Suspended NASCAR driver AJ Allmendinger has elected to bring his own experts to the testing of his "B" urine sample, The Associated Press...
Allmendinger will bring own experts for ‘B’ sample
Suspended NASCAR driver AJ Allmendinger has elected to bring his own experts to the testing of his “B” urine sample, The Associated Press has learned.
Under NASCAR’s drug-testing policy, an individual can bring in experts for the second test and Allmendinger wants his own toxicologist and attorney present, two people familiar with the case told the AP on condition of anonymity Thursday because the process is confidential.
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Because Allmendinger is bringing his own people, the test of the sample will not occur until next week. Allmendinger has the right to take the time needed to assemble his team of experts.
Allmendinger was suspended by NASCAR on Saturday for failing a random drug test taken June 29.
Seau’s brain tissue donated for research
Junior Seau’s family has donated some of his brain tissue for research amid questions about whether damage from his football career contributed to his decision to commit suicide, officials said Thursday.
The San Diego County medical examiner’s office recently released preserved brain tissue to the National Institutes of Health, coroner’s spokeswoman Sarah Gordon said.
“We have no information about the type of study that will be done,” she said.
The tissue was released at the request of Seau’s family, she added. She declined to disclose whether Seau’s entire brain was released.
The 43-year-old former NFL linebacker shot himself in the chest at his Oceanside home in May, less than 2 ½ years after ending his Pro Bowl career.
Cleveland Browns select Baylor receiver Gordon
The Cleveland Browns believe they got a bargain in former Baylor wide receiver Josh Gordon.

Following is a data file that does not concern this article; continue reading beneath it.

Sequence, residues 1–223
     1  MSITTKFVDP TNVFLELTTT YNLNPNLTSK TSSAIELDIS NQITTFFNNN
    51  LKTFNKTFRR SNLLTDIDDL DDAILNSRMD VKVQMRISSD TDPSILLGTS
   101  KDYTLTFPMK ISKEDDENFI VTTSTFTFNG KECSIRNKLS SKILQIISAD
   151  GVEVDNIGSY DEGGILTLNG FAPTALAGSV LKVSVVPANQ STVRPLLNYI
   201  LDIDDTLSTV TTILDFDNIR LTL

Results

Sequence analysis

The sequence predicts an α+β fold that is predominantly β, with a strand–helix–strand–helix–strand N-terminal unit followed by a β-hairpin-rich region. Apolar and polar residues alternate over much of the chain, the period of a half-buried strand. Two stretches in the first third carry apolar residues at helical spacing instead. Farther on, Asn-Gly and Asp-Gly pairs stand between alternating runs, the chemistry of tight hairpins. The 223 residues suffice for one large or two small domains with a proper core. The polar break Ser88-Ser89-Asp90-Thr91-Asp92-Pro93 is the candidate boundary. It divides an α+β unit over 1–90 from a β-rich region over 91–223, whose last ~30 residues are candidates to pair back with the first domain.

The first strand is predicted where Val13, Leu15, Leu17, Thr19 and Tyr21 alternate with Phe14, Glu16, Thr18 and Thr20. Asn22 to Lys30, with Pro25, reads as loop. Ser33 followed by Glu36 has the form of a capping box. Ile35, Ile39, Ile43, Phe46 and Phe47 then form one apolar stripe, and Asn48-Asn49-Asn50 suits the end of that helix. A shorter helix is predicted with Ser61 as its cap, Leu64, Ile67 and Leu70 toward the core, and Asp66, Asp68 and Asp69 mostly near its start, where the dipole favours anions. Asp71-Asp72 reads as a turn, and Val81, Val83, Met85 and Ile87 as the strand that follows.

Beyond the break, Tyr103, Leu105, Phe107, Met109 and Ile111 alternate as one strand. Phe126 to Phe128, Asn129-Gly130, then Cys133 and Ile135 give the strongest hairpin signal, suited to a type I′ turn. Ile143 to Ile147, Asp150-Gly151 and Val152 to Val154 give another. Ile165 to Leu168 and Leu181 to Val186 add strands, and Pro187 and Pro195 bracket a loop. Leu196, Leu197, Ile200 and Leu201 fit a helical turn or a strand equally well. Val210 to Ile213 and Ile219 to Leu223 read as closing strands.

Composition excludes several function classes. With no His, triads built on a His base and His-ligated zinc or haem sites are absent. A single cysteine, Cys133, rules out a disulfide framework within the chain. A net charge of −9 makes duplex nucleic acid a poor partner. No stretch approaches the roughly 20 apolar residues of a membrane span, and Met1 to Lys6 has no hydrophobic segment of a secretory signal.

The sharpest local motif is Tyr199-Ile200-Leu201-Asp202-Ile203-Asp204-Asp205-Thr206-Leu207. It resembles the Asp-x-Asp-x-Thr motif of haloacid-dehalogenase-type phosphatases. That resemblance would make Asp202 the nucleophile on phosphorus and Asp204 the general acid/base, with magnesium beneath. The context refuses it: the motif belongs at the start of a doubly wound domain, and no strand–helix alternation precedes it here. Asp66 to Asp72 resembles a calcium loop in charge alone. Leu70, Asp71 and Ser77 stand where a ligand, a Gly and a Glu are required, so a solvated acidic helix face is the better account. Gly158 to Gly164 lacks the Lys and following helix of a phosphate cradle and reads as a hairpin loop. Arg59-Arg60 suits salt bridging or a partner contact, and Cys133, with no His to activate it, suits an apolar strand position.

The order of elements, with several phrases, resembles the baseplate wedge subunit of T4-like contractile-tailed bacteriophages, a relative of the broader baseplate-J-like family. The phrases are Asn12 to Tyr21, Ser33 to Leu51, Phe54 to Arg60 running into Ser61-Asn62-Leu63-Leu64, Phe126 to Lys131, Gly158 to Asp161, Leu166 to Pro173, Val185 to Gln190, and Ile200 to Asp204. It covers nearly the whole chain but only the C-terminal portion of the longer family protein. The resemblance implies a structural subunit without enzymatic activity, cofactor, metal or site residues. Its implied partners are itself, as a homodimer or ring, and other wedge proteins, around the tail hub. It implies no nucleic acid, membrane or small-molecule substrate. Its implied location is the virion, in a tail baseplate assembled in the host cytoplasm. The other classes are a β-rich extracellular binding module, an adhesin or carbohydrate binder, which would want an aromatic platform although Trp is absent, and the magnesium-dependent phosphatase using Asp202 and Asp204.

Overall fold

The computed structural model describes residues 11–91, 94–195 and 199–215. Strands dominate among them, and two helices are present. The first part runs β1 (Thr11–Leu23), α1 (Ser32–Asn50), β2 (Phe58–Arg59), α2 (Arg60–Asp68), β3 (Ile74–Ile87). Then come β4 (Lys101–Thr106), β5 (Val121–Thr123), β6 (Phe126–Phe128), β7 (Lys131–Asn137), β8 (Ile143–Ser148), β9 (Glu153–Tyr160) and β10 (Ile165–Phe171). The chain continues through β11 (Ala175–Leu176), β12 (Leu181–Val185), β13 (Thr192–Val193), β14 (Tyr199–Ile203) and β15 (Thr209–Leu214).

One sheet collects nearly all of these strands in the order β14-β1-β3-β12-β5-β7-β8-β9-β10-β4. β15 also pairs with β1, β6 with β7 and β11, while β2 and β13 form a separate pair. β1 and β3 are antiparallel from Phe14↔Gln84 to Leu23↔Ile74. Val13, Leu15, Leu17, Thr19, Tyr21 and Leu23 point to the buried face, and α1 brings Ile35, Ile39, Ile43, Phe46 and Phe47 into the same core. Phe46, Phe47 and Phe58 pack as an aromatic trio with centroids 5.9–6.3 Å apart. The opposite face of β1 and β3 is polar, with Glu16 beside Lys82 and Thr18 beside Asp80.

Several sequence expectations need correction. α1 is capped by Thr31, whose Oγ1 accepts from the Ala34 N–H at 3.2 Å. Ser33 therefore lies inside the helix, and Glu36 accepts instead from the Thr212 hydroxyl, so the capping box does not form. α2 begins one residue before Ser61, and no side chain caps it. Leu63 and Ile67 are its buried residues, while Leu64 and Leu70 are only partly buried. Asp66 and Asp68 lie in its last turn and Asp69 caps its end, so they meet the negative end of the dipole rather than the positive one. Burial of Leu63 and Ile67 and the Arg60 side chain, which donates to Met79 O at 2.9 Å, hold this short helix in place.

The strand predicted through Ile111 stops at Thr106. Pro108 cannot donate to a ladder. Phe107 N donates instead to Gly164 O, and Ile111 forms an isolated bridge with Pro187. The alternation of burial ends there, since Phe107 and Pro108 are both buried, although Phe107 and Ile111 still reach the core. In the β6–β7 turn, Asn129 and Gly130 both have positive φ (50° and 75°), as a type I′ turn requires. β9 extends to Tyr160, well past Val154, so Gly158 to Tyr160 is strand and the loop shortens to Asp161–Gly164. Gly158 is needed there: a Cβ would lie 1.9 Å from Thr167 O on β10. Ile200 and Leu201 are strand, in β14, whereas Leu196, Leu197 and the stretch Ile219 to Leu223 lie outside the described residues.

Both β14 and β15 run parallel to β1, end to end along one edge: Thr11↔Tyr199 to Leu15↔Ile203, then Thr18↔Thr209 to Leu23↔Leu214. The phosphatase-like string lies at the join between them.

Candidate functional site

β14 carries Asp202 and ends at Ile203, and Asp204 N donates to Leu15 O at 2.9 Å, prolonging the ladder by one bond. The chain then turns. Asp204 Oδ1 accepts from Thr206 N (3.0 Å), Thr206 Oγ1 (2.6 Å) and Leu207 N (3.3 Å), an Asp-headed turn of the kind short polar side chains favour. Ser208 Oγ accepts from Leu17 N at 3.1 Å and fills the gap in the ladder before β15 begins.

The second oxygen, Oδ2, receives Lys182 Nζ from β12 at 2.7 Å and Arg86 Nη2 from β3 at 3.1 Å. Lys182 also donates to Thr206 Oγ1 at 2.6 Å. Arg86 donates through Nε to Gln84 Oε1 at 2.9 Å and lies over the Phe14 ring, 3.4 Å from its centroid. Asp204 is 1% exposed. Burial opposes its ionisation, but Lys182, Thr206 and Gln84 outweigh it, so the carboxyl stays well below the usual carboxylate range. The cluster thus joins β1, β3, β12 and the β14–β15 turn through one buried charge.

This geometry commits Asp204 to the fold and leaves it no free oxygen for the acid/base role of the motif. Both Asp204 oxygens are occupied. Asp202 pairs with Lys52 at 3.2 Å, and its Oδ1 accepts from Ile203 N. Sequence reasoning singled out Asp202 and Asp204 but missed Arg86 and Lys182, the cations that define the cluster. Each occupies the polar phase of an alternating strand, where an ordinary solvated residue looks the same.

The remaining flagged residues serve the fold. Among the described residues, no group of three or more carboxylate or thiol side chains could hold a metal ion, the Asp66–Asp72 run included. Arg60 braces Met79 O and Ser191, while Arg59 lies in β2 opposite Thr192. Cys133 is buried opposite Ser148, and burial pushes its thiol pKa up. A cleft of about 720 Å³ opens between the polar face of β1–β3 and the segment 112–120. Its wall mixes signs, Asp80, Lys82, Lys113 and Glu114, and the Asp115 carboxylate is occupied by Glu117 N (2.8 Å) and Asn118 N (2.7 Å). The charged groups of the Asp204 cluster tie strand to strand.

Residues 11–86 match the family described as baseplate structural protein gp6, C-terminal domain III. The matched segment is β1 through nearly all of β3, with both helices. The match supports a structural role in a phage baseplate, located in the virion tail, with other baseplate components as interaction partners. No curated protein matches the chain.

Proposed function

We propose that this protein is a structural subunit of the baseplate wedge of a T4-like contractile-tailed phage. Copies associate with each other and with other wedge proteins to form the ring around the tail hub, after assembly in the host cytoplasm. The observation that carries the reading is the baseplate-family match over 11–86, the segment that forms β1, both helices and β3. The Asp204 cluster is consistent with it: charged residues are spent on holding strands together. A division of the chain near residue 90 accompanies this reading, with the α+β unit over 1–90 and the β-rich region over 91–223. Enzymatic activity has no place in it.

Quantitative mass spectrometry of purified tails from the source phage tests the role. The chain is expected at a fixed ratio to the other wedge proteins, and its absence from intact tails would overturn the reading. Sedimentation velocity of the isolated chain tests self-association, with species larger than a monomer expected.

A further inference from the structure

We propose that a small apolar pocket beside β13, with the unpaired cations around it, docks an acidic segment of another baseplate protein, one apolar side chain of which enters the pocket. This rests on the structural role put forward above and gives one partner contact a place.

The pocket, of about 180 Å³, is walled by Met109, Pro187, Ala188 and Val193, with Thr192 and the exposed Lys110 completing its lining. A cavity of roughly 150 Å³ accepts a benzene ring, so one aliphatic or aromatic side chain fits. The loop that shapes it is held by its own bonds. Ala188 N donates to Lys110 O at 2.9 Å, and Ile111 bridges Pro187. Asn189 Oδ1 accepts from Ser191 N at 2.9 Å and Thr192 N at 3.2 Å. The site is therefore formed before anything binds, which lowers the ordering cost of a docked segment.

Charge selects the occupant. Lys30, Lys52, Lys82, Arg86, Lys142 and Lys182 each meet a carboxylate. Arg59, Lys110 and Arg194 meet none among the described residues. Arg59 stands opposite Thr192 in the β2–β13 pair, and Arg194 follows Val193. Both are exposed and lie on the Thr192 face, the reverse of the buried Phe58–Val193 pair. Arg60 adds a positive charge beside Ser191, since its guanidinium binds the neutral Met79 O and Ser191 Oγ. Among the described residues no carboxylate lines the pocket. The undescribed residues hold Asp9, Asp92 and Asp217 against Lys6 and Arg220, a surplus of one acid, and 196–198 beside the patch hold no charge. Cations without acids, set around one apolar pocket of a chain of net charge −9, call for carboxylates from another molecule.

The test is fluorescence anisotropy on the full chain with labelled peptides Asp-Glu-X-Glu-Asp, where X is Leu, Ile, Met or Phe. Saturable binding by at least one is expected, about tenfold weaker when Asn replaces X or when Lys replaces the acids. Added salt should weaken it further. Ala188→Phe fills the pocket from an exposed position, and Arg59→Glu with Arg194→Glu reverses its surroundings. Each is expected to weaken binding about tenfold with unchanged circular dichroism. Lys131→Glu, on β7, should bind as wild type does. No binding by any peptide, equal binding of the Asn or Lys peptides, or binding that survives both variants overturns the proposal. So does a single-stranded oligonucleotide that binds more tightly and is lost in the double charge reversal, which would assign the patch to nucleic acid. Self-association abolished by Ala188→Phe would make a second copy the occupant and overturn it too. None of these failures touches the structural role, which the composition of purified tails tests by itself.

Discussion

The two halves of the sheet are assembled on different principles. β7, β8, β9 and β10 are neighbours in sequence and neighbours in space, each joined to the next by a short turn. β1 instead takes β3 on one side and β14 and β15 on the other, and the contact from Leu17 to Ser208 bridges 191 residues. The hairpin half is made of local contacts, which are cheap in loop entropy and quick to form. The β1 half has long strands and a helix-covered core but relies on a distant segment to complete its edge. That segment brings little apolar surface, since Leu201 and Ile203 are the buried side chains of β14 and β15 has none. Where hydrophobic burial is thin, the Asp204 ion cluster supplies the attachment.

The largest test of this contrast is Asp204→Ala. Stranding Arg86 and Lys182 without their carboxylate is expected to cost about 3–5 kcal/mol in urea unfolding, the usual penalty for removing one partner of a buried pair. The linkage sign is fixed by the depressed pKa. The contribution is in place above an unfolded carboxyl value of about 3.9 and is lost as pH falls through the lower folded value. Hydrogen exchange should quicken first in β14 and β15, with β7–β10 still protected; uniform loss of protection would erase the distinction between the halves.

Cleveland took Gordon in the second round of the NFL’s supplemental draft. He was the only player selected; the Browns must forfeit their second-round pick in the 2013 draft.
Gordon was suspended for marijuana as a junior in 2011 at Baylor. He transferred to Utah, but decided not to play.
Industry officials call for discipline for doping horses
Eight prominent members of the racing industry, including a track owner and a veterinarian, told a Senate committee that horse trainers should be barred for life if they are found even once to have used potent performance-enhancing drugs like dermorphin, a frog secretion recently found in racehorses in several states.
The hearing, before the Senate Committee on Commerce, Science and Transportation, focused largely on the use of drugs, therapeutic and illegal, in horse racing and how to stem their improper use.
Under questioning from Sen. Tom Udall, D-N.M., all witnesses called for tougher discipline of trainers.
Jockey Albarado convicted of assaulting former girlfriend
Jockey Robby Albarado was convicted of assaulting his former girlfriend during a scuffle for his phone, the latest setback for the veteran rider who has been embroiled in legal turmoil the last two years.
Albarado, who has won more than 4,300 races, including the 2007 Preakness aboard Curlin, looked on glumly as the Jefferson (Ky.) County District Court jury convicted him of fourth-degree assault, a misdemeanor. The jury recommended he pay a $500 fine but serve no jail time.
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• Marion Bartoli defeated Mallory Burdette 7-5, 6-0 in the second round of the Bank of the West Classic at Stanford.
• Teemu Selanne, 42, agreed to a one-year, $4.5 million deal with the Anaheim Ducks to return for a 20th NHL season.
• Rookie forward Nneka Ogwumike had 22 points and 20 rebounds to help the visiting Los Angeles Sparks beat the Indiana Fever 77-74.
Ogwumike finished with 12 offensive rebounds, tying a WNBA record.
Also, Maya Moore scored a franchise-record 19 of her 28 points in the second quarter, leading host Minnesota out of an early funk and on to an 89-74 victory over Tulsa.
• The NCAA announced that the California Institute of Technology has been sanctioned for allowing 30 ineligible players in 12 sports to practice or compete over four years. Penalties include three years’ probation, one year without off-campus recruiting and the vacating of wins and records.
Seattle Times news services